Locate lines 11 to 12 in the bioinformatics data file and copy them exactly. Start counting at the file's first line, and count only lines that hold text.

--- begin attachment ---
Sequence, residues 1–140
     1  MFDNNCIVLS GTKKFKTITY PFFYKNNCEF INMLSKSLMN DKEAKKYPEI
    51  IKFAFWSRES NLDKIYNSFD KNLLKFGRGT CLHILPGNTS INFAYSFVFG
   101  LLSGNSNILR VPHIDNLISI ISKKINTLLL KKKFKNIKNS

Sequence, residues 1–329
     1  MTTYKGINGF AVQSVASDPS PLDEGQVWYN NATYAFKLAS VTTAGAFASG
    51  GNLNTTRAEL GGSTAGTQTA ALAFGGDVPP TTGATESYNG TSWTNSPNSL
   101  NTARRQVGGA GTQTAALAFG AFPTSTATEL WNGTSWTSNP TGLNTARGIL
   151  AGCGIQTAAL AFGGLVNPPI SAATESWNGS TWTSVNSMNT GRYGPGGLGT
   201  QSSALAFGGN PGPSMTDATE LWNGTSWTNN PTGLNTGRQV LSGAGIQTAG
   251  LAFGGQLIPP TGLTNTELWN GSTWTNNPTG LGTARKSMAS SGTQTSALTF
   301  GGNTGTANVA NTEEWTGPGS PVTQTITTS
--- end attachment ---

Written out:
   251  LAFGGQLIPP TGLTNTELWN GSTWTNNPTG LGTARKSMAS SGTQTSALTF
   301  GGNTGTANVA NTEEWTGPGS PVTQTITTS